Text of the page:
Surgery

Gastric Bypass



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Deciding whether or not to have gastric bypass surgery is difficult. Potential patients and their doctors must balance risk and reward. Research from The Michigan Bariatric Surgery Collaborative says that one half of one percent of bariatric(weight loss) surgery patients suffer life-threatening complications.The numbers used to be worse, but techniques have improved and surgeons are more practiced now. Of course, overweight itself is a killer.



Properly selected patients who have gastric bypass surgery do tend to lose a lot of weight. They lose, on average, 67% of excess body weight, according to Canadian researcher Dr. Nicolas Christou of McGill University, and they tend to keep much of the weight off. He found that after bariatric surgery breast cancer rates are reduced by 85%. Colon cancer is reduced 70%. There are substantial reductions in pancreatic cancer, in skin cancer, and in non-Hodgkins lymphoma. The average reduction in cancer risk is 80% over the next 5 years. These are remarkable claims, but Dr. Christou's research confirms the results of two earlier studies.



Bariatric surgery also helps with back pain, sleep apnea, high blood pressure, diabetes, and depression. The University of Rochester Medical School report on the Roux-en-Y, a type of gastric bypass, says 96% of these complaints are improved or resolved.



Losing weight can also prevent or lessen the pain of angina. It can lessen the risk of sudden death from heart attack or stroke. It can prevent or improve type two diabetes. Breathing also improves with weight loss and so does mobility.



There are trade-offs for these benefits, according to the University of Rochester. With the Roux-en-Y gastric bypass, patients who eat too much, especially too much sugar, may suffer dumping syndrome. It's not dangerous, but it's very uncomfortable, as victims may suffer nausea, weakness and related complaints. It's also possible for the surgery to become less effective over time. It's rare, but sometimes patients suffer a leak where the reduced stomach is reconnected to the shortened intestine, and this is serious. After the surgery body scans may be harder to read. Up to 20% of patients may need surgery for problems like hernia after their initial operation. Up to 30% may get gallstones, although this possibility is lessened by those who take bile salts for 6 months after their operation. Patients are advised to take vitamins and minerals after surgery, to deal with the risk of deficiency diseases.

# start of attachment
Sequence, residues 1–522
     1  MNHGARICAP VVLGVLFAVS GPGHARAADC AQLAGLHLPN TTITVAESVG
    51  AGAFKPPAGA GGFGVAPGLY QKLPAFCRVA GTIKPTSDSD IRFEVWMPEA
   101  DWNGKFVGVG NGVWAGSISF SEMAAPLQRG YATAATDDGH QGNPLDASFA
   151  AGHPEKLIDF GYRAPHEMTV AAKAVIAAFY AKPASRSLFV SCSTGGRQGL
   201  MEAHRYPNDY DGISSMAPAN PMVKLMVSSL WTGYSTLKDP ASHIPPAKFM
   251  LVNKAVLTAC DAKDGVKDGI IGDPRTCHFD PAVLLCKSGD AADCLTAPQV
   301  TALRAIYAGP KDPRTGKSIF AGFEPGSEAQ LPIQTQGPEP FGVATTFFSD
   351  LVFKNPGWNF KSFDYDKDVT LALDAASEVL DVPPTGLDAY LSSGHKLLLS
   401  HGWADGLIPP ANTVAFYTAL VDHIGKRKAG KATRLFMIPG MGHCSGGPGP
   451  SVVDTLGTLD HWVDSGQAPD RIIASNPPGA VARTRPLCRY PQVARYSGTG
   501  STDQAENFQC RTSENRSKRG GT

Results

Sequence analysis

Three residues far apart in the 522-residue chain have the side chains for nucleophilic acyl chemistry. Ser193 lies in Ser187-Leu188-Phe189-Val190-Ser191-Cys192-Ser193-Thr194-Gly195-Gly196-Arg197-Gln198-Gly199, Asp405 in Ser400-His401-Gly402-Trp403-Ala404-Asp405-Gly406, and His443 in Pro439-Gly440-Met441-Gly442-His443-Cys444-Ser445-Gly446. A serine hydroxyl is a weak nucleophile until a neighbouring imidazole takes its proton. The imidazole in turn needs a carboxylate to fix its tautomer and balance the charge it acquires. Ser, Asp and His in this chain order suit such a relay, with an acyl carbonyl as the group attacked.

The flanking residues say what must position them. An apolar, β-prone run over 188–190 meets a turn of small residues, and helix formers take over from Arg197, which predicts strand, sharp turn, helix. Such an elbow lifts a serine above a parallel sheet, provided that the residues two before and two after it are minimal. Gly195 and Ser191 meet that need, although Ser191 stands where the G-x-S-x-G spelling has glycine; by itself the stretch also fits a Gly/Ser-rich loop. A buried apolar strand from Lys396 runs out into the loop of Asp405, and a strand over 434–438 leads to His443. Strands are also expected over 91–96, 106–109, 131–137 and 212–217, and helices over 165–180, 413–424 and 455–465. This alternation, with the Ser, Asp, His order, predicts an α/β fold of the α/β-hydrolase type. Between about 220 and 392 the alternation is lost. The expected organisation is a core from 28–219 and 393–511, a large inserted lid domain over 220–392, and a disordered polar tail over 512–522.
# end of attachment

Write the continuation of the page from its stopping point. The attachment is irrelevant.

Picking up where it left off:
The way to reduce the chance of complications is to follow the surgeon's advice carefully. It is also important to stay in touch with health care providers, for continuing check-ups and advice.



Bariatric surgery is generally only done on the morbidly obese, people who are extremely heavy and/or have serious weight-related medical conditions. Most people who have a gastric bypass are at least 100 pounds overweight. There are dangers connected with this surgery, as there are with any surgery. But for certain people with the dangerous medical condition that is morbid obesity, having a gastric bypass may actually be the safest choice.



http://www.latimes.com/features/health/medicine/la-sci-obesity19-2008jun19,0,4942976.story
http://www.med.umich.edu/mscore/mbsc.html
http://www.stronghealth.com/services/surgical/bariatric/rouxeny.cfm
http://findarticles.com/p/articles/mi_m0EIN/is_2003_Nov_19/ai_110290633
http://weightloss.about.com/library/blhealthbenefits.htm

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